About Project



Canada has an underutilized supply of sustainable forest biomass
In 2013, Canada only harvested ~152M m3 of timber despite having access to an allowable sustainable cut of ~215M m3. Reaching the allowable cut is important for more than just economic reasons. Since Canada’s boreal forests are fire-dominated ecosystems, it is important the resource is fully utilized and not left to burn. Increasing the sustainable cut also has is necessary to support Canada’s declining forestry sector. Pulp and paper production is a major component of the forestry sector. The pulp and paper sector’s productivity has decreased $3B since 2004, and the number of paper mills in Canada has dropped from around 50 to less than 30 since 2000.

Demand for “green chemistry” and bioproducts is increasing
The global market for bioproducts is expected to exceed US$472B by 2018, growing at an annual rate (CAGR) of 14.9%. Around the world, due to economic, regulatory and environmental incentives, as well as pressure from consumers, industrial chemicals companies are seeking sustainable alternatives to petroleum-based products. Accordingly, the demand for bio-based products will continue to grow in value and volume.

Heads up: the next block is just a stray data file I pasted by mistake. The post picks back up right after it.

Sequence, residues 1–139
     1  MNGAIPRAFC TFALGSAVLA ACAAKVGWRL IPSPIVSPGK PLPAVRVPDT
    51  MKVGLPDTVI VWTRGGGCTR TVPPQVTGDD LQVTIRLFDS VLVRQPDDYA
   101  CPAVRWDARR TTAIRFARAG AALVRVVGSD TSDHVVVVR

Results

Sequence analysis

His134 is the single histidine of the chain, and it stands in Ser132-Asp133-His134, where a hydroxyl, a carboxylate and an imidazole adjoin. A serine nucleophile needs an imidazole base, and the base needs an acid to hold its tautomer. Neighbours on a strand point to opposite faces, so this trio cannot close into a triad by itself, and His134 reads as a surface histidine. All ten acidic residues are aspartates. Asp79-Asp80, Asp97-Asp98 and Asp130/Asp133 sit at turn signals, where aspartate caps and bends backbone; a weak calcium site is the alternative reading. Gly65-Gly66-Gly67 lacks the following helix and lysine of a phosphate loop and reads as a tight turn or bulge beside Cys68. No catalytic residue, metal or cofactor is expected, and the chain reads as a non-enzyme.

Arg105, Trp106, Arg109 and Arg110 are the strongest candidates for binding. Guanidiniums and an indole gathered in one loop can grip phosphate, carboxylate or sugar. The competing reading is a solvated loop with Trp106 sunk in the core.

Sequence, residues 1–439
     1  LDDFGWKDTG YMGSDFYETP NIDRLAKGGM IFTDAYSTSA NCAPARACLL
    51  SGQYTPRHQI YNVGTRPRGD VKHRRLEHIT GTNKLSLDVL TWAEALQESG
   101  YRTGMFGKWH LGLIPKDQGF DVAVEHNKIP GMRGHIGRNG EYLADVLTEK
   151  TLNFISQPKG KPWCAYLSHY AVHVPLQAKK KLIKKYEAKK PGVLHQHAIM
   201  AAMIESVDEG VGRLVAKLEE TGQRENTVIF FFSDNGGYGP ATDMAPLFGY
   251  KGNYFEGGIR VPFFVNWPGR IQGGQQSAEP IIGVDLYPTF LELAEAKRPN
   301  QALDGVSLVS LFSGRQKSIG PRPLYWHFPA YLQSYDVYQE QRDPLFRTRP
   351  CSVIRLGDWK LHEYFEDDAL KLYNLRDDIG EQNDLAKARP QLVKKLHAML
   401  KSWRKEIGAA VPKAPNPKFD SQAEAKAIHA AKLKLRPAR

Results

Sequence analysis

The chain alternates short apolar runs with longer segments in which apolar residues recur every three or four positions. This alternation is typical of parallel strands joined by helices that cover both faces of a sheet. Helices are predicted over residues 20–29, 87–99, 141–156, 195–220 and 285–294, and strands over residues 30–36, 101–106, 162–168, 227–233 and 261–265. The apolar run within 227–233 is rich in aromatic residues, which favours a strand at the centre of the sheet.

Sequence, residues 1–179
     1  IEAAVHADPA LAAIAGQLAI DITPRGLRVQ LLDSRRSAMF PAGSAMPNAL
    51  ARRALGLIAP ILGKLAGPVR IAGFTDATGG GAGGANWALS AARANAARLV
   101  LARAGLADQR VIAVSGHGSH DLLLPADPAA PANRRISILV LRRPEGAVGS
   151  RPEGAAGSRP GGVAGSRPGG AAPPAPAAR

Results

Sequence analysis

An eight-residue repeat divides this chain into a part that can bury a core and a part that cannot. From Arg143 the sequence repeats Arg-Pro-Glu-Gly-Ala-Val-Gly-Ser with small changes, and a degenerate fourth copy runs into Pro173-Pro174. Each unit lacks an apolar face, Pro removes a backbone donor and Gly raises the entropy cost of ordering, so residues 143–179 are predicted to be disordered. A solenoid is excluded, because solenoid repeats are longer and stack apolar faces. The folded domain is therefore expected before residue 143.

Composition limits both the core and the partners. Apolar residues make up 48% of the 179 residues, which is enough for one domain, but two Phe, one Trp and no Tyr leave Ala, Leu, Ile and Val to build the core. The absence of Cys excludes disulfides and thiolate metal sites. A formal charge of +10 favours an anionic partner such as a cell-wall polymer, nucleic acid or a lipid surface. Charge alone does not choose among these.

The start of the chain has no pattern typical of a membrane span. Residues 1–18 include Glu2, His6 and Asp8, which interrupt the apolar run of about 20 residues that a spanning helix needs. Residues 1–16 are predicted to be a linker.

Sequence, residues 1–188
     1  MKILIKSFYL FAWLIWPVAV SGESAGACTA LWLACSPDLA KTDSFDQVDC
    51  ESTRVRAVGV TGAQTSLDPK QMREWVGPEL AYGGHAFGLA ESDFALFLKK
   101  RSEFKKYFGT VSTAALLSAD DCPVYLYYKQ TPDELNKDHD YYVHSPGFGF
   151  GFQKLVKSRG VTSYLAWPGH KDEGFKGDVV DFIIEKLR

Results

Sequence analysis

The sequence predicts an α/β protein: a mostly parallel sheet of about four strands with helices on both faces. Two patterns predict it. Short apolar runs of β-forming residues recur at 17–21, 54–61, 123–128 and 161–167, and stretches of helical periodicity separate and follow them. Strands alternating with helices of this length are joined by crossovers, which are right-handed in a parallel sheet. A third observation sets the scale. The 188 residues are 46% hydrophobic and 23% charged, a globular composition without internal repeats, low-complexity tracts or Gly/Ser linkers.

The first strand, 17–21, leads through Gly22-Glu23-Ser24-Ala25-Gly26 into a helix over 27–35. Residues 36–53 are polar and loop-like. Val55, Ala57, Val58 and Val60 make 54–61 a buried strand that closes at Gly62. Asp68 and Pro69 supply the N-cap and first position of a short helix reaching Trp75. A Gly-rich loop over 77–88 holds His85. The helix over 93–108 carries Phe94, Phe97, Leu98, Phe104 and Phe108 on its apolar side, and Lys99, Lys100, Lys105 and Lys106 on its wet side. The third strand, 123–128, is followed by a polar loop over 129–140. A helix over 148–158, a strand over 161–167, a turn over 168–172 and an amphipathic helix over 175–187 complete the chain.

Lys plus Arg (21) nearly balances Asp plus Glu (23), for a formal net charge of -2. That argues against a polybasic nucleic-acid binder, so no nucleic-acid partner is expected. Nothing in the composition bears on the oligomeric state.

Although greener bio-based materials are in demand, developing cost-effective manufacturing strategies that meet the precise specifications and consistency the market requires is technically challenging.


SYNBIOMICS is meeting these challenges by using genomics to mine the tremendous natural diversity of enzymes and optimizing them to produce high fidelity biocatalytic systems.


SYNBIOMICS will provide the following environmental, social, and economic benefits:

  1. environmental benefits by facilitating healthy forestry practices and promoting the transition from petrochemical to lower carbon renewable feedstocks;
  2. social benefits by revitalizing the forestry sector by  increasing the sustainable forest harvest and establishing SME-mill clusters that drive economic activity and job growth in rural communities; and
  3. economic benefits by creating new forestry-derived products such as biopolymers for use in adhesives, dispersants, coatings, and bio-resins to meet global demand for green bio-based products.